18 September 2010
Winner of the Grand Jury Prize at 2010 Sundance Film Festival, Winter’s Bone finally made its way onto these shores. If the trailer was anything to go by, this was going to be quite bleak. And it is. One slight warning though: if you are expecting the sepia-tinged atmosphere of the trailer, you may be a little disappointed to see that the film actually has quite a few spots of bright colour and sunshine. But, the grim setting is enough to wipe the smile off of your face.
Ree Dolly (a very solid performance by Jennifer Lawrence) lives in Nowheresville, Missouri with her depressed and mute mother and two young siblings. Her father (meth lab aficionado) has been gone for a couple of weeks. But, Ree and her family set themselves up for a status quo that is enough for survivial, albeit short on comfort. Their idyllic (and I’m taking way too much liberty here in using that adjective) life is under threat once the “law” notifies them that if their father doesn’t show up for court, they will take away their home. It is up to Ree to find her father’s whereabouts, but her many relatives do not really want to help her out. Their efforts in dodging Ree from ever finding the truth soon turn ugly.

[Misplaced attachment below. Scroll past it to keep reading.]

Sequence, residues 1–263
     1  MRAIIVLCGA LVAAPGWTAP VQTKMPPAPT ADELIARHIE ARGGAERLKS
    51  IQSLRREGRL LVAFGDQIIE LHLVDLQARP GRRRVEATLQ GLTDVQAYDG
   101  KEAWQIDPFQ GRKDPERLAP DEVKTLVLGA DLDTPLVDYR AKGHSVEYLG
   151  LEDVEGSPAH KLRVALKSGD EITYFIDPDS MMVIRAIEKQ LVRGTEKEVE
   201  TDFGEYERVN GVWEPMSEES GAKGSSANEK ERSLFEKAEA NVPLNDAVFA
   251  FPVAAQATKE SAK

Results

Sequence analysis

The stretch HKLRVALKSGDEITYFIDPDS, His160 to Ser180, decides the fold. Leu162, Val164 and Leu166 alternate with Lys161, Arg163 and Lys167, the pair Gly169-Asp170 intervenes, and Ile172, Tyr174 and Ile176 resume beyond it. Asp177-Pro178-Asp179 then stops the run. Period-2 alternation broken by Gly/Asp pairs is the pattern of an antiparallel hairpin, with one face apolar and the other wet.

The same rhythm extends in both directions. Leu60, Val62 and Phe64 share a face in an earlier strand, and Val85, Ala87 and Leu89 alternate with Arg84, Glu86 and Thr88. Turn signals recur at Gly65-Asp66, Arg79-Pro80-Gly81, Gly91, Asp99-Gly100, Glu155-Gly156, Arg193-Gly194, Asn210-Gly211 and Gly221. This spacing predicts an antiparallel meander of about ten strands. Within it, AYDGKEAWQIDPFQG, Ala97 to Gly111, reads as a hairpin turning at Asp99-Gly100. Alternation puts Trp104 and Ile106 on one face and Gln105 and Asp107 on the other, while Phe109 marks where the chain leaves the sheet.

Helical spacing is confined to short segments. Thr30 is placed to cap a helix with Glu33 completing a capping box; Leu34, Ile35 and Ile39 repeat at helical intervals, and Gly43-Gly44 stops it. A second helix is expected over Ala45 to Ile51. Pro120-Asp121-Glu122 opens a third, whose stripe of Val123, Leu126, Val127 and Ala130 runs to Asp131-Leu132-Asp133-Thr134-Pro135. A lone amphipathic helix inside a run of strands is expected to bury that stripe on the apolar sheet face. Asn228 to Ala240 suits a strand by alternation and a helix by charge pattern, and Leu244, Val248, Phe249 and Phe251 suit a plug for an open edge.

This is a grim tale, with the darkest of hearts. A film that pulls no punches in hiding every smidgen of hope from the screen. The cold (despite the ever-present sunshine) is palpable - this is as bleak an autumnal setting as you can imagine. Ree’s journey from one barely standing trailer to the next at first seem repetitive, but this sense of claustrophobia adds to the atmosphere. You can even categorise this easily as a straight horror.
All is not perfect in this dark journey, though. Sometimes the dialogue is too derivative and cliched. In one scene Ree teaches her brother and sister how to use a rifle. When her best friend asks her what they’re doing, she replies “teaching them survival”. The film certainly doesn’t need these lines to hammer home the idea that the lives of these people are pretty rough. And yes, survival is the main objective, but the events demonstrate that pretty clearly.
Winter’s Bone is a very good film, but a very dark one. The climax comes in the way of a journey at dawn on a canoe and I was this close to avert my eyes. What could have been extremely gory (and that would have been such an easy route that would have ensured commercial success), Debra Granik’s direction is mature enough to make it absolutely devastating. It is one of my favourite sequences of this year.